Difference Between Similar Terms and Objects

Difference Between Shrimp and Lobster

lobster-pdShrimp vs Lobster

Differentiating a shrimp from a lobster is actually very easy. By simply looking at them side by side, even an elementary kid can spot that one is a shrimp and not a lobster and vice versa. Their disparities are a lot easier to distinguish than comparing a lobster with other creepy crawlers, let’s say the crayfishes.

Although both shrimps and lobsters are close relatives (both are classified as crustaceans) and share many similarities like having compound eyes and fused head to their bodies, a shrimp is a sea animal located in either freshwater or salt bodies of water. This is probably the single most important difference between the two because lobsters live in salt waters only. It is also important to note that there are almost 2,000 different species of shrimps worldwide yet about 20 of them are essential commercially.

With regard to physical attributes, shrimps are generally smaller when pitted against the lobster family. Even regular lobsters are somewhat bigger than most jumbo shrimps. As observed, shrimps can grow as much as 8 inches at an average although this can vary depending on the specific shrimp species being examined. If shrimps grow any larger than this (but usually not more than 12 inches), they are often regarded with another name ‘“ prawns.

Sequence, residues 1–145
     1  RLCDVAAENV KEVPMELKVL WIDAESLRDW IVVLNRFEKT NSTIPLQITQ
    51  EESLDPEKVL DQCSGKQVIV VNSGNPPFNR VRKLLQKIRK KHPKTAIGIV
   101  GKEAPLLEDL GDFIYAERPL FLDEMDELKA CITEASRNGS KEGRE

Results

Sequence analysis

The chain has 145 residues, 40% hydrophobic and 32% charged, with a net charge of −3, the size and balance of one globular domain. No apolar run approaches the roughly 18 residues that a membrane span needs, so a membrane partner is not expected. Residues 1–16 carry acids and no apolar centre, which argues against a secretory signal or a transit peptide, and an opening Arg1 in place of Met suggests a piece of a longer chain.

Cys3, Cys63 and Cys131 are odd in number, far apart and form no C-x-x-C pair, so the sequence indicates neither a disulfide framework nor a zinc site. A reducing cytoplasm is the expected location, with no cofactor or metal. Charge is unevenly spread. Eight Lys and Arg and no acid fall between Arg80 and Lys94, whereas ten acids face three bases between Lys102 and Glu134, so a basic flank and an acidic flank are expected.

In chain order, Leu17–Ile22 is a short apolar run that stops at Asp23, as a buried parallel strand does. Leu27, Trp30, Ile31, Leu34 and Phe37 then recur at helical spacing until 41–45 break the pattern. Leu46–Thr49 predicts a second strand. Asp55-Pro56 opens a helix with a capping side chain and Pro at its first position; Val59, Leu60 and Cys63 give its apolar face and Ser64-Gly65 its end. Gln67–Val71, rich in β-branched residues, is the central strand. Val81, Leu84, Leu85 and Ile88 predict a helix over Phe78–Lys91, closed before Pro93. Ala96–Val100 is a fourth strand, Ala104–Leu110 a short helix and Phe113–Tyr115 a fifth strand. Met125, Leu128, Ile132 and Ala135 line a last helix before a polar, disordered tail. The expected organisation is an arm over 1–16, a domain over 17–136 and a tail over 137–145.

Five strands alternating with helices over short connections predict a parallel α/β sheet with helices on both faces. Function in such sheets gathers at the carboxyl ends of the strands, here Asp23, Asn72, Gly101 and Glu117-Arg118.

The shrimps elongated body structure looks narrower than that of ordinary lobsters. Its exoskeleton (shell) is translucent in nature. They often shed this off as part of their normal growth cycle. Most shrimps have colors that vary from gray to white and even green. But some of them can readily change their outer color as a form of adaptation to their immediate surroundings.

Even if shrimps do seem to have minute leg-like structures called appendages (specifically termed swimmerets) beneath their bodies (abdomen ‘“ the part usually eaten), they actually don’t use these pair of mini legs to crawl; rather they use such fine structures for swimming. Their tails (telson) are often the primary player for locomotion on top of their normal gliding abilities with the water current. On the contrary, lobsters use their sets of appendages to crawl.

In addition, lobsters and shrimps also procreate differently. The former usually carry their eggs with them while the latter release the same to the open sea.

1. Shrimps live both in fresh and salt waters while lobsters live in salty waters only.

2. Shrimps swim while lobsters crawl.

3. Shrimps are generally smaller than lobsters.

4. Female lobsters carry their eggs with them while shrimps disperse their eggs to the sea.


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